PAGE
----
At the latest count more than 17 million vehicles from ten manufacturers have been recalled for frontal airbags in the United States alone and another seven million vehicles worldwide may also impacted by faulty airbags from the same manufacturer. Airbags are made by the Japanese parts manufacturer Takata and installed in vehicles starting model year 2002 through 2008. Among the recall are vehicles made by Acura, more than 765,000 vehicles from BMW, 2.88 million vehicles from Chrysler including Dodge and Ram, Over 500,000 vehicles from Ford, 5.5 million vehicles from Honda, Infiniti, Lexus, Mazda, Mitsubishi, Nissan, Pontiac, Saab, Subaru, and 877,000 vehicles from Toyota.
The issue is defective inflator and propellant deterioration over time and may deploy improperly during an accident causing severe damage to the driver and passengers. Metal fragments from the airbag housing structure can also be released throughout the cabin adding more harm to occupants.
First sign of faults started with Infiniti in April 2013 and it took couple more years to realize the true impact of the problem. Toyota started to recall its vehicles in June 2014. Takata was slow to admit the problem. The National Highway Traffic Safety Administration (NHTSA) says that the problem is acute under humidity and forced regional recalls starting with Florida, Hawaii and the rest of the US.
When the weather changes from winter to summer, it is time for you to think about vehicle maintenance more specifically tires. Tire pressure changes according to the weather. Warmer weather causes tires to lose air pressure by one to two pounds for every 10 degree increase in temperature. Since you tend to travel more under better weather conditions vehicle maintenance require your attention. You and your family’s safety depend on well-maintained vehicle.
An under-inflated tire could cause a tire blowout. You can easily recognize the condition due to bulging of the tire and noise it generates when you take a sharp turn at lower speeds. Noise also an indication of alignment problem and you need to get it checked by a certified auto maintenance specialist. An over-inflated tire poorly hugs the road and under wet conditions could cause hydroplaning. A worn out tire is similarly spell danger. Perform the penny test to see whether the tire is worn out or not. If you can’t see the Lincoln’s head when you insert a penny into the grove, the tire is still good. Tire inspection for cuts, nail and other inserts can be done visually. Make it a habit to inspect your tires each time you pump gas into the vehicle.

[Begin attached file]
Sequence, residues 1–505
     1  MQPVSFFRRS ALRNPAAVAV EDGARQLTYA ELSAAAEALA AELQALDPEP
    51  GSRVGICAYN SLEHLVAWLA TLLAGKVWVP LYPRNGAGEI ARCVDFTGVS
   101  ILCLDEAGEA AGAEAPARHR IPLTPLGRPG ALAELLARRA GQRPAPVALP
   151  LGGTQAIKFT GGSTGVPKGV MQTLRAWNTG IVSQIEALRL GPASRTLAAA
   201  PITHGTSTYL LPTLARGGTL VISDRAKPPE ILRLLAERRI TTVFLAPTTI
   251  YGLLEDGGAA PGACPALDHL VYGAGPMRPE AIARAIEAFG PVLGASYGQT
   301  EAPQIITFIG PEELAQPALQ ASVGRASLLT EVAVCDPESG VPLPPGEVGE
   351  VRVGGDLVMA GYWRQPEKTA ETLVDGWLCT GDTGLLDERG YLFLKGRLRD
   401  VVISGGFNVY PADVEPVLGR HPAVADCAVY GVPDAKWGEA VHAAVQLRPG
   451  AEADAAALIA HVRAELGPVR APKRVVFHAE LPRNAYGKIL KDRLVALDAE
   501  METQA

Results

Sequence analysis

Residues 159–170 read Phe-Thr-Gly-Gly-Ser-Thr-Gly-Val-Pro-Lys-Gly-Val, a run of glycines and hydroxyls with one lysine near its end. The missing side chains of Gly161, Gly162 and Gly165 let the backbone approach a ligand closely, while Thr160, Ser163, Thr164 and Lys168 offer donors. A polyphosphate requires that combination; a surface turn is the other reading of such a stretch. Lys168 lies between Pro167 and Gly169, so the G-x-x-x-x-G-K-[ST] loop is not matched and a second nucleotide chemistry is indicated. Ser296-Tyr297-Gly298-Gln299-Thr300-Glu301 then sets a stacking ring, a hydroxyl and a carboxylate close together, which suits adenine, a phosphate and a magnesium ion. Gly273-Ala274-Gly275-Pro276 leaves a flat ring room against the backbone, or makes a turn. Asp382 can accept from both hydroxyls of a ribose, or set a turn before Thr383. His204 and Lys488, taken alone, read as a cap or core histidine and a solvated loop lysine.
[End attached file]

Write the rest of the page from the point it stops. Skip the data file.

By Phin Upham
American cars have a uniquely American swagger about them, and it’s common for people to debate over which ones are the best ones. Among those hardcore fans, there are always two major houses that stand the tallest. Ford and Chevrolet. Both have a long standing history in the automotive world, and both are still driving forces in the industry today.
The company many of us refer to as “Chevy” began in 1911. It was started as a division of General Motors, another important name in American automotive manufacturing. Louis Chevrolet started the company with William C. Durant, and the two were so successful that Durant purchased General Motors in 1918 in a reverse merger. This was important because Durant was reclaiming his spot in GM’s corporate history as its president.
His tenure lasted only a year before he was ousted a second time in favor of a man named Alfred Sloan. Sloan chose Chevrolet as his flagship brand, and he decided to compete directly with Henry Ford by manufacturing mainstream cars meant for the every man. At the time, Ford’s Model-T was the best-selling car in the United States and Chevy intended on beating that.
Whether they did or did not is a question best left up to auto enthusiasts, but it’s clear both companies were wildly successful. Today, GM cars are marketed and sold all over the world. One can buy a Chevrolet in Europe, thanks to a recent re-launch of the brand in 2005, and you can even find Chevys in Russia.
Phin Upham is an investor from NYC and SF. You may contact Phin on his Phin Upham website or LinkedIn page.